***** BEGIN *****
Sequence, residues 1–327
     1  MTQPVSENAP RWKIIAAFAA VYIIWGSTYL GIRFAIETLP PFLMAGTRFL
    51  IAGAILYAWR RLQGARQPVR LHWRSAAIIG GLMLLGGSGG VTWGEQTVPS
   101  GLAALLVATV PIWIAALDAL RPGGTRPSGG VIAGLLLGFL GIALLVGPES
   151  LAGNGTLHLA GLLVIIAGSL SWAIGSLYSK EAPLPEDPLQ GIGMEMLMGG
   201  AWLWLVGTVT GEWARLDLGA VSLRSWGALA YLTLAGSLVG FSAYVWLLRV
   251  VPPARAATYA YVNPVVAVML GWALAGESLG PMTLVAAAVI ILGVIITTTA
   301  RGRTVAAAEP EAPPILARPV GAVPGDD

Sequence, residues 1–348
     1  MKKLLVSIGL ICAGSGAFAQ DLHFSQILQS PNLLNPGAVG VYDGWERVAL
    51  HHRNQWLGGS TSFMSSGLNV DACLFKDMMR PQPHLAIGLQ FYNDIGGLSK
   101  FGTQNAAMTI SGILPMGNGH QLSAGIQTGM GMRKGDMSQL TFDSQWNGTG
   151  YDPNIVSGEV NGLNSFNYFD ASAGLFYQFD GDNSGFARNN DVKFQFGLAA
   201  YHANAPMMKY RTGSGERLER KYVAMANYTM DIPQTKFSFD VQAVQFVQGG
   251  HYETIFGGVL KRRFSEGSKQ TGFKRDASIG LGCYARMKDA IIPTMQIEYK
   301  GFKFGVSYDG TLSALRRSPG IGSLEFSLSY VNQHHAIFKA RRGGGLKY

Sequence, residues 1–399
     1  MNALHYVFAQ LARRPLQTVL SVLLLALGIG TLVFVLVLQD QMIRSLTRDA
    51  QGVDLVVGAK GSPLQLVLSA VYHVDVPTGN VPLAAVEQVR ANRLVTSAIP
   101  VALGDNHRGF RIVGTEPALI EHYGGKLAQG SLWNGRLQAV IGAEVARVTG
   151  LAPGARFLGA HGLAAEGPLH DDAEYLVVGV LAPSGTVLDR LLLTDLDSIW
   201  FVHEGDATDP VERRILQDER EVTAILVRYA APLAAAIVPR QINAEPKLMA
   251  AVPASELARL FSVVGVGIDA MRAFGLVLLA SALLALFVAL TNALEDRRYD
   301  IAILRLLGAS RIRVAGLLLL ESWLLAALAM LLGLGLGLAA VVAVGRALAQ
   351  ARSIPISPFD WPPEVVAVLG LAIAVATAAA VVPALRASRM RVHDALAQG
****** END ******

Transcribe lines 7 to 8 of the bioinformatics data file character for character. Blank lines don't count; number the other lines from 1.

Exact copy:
   251  VPPARAATYA YVNPVVAVML GWALAGESLG PMTLVAAAVI ILGVIITTTA
   301  RGRTVAAAEP EAPPILARPV GAVPGDD